Teachers and Teaching is an apt title and description to follow. I have read some of the comments about teachers, about UTC, and some defense. I plan on both defending and blaming institutions that train teachers. Both the schools and the students that attend are complicit. Let me explain.
There are lots of teachers but only a few teachers know how to teach. There is a distinction and a very big one. There are, you all know this, the learned fella or lady in high school that kids laughed at. He/she knew subject matter and was an expert but could not teach kids. The difference being that the two terms are not synonymous. Teaching has been described as an art form and I am inclined to believe that more then content knowledge. Let me explain and this was mentioned in one of the responses in the Chattanoogan.
In a typical classroom, any classroom, the teacher will be faced with a myriad of personalities .. The child brings his home to school every day. The good teacher knows that and further, knows the home situation. Let me explain that. If I was to be successful each school year I would make it part of my work to know both mom, dad, uncle, cousin Rudie and what each did for a living if applicable. Ronnie Murray was his name. Ronnie Murray was his dad's name. Ron, Sr. had a body shop. Mom worked along with dad each day. A few times on the way to or on the way home from school I would stop at the body shop and speak to one or both parents. Dudley Stark, West Point graduate and worked as an engineer at Kodak. Mom was a stay-at-home. There were three other children, all younger. Susan Stark was the oldest at 11. Susan was very bright. School work was easy for her so my challenge was to develop curriculum beyond the required 6th grade. That was an additional burden on my part but I loved it.
Then there was Carl. Carl's dad was the building custodian. Carl would come to school nearly every day sullen and sad, a withdrawn boy. At age 11, he was a loner. When I did an initial sociogram to determine social standing within the class Carl was not chosen by his peers. He wished to sit in the back of the classroom. For a period of time I let him.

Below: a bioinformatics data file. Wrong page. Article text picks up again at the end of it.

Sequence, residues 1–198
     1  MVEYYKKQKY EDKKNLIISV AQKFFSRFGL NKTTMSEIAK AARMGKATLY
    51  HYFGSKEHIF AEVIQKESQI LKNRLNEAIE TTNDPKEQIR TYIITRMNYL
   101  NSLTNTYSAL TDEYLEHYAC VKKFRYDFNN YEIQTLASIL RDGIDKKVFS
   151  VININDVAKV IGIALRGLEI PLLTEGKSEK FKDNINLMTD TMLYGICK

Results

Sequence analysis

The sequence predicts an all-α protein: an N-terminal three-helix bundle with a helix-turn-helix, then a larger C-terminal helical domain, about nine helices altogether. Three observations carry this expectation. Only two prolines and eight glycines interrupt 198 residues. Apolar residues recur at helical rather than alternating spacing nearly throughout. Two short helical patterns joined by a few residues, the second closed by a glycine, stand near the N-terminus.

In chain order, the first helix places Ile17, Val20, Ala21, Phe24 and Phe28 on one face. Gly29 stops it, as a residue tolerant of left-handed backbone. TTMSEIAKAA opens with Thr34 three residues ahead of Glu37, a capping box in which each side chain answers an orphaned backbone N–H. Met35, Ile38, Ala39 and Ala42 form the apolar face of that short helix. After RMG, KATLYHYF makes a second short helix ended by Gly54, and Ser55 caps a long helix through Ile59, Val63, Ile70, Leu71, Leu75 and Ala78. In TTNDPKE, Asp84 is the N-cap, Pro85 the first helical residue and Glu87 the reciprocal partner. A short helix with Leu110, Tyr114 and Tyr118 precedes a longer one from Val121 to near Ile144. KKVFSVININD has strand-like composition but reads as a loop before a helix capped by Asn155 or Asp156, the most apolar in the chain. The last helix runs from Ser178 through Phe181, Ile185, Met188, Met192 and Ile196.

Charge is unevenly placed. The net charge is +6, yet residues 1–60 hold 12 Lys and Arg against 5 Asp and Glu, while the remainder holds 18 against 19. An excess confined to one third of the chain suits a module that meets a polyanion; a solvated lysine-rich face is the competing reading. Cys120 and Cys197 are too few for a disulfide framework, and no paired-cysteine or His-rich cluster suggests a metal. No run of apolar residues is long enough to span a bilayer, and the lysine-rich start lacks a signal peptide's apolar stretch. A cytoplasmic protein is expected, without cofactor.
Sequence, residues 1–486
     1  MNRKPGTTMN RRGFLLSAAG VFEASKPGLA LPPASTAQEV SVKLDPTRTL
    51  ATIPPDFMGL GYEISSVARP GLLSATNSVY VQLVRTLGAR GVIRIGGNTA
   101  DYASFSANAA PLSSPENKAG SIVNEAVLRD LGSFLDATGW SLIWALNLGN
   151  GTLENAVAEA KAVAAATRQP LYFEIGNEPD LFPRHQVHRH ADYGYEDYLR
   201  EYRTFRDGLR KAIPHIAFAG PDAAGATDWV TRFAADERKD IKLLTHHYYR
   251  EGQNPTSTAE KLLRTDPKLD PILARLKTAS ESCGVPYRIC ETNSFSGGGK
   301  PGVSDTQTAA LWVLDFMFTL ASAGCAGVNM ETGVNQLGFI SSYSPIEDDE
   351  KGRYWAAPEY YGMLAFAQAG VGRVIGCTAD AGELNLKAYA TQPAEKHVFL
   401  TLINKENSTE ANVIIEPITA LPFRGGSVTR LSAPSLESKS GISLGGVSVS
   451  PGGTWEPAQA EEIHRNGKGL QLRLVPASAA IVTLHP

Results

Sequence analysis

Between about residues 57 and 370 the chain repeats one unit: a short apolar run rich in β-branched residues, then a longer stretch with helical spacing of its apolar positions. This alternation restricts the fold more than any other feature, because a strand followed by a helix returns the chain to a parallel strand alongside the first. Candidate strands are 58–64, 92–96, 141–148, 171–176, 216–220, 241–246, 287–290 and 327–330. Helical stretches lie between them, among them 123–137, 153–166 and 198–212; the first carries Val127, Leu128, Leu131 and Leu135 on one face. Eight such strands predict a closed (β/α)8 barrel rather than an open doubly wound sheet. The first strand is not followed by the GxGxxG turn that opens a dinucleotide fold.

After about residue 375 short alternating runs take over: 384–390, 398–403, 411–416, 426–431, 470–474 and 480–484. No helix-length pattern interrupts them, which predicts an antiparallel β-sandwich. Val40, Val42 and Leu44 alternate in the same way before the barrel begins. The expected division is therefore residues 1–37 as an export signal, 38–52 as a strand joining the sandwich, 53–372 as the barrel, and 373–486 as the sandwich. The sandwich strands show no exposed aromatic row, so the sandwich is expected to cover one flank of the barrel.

Teachers get curriculum guides showing content practice, pages to cover, questions and quizzes to give and basically the entire scope of expectation for the teacher's grade is written and basically followed day-to-day. Those people that know how to read, how to follow directions written for them, how to present, to grade, all done by reading. The art form is how. The teacher that sits and teaches from the desk or stands in front of the class teaches but a real teacher is alive in that classroom. She/he moves about and keeps moving about asking questions, peeking at children's work, patting Sam on the back or reminding Joe to pick up his lunch box.
Is teaching easy? If it were I think a few would quit. It is the challenges that we face every day that keeps us coming back hoping to solve problems that are present and to ignore is to not be a teacher. The child that enters the grade at the beginning of the school year is not the same child at the end of the school year. That teacher that touches the lives of children is remembered; is often admire and further emulated. Carl might become a teacher or Susan might become a doctor. (actually she did). Ronnie chose not to join his father and instead went in the Marine Corps. We do make a difference and we do so not because we graduated from UTC or Vanderbilt or in my case, SUNY, Geneseo, New York we learned doing, experimenting, always asking how to get better and lastly, loving every minute and every year.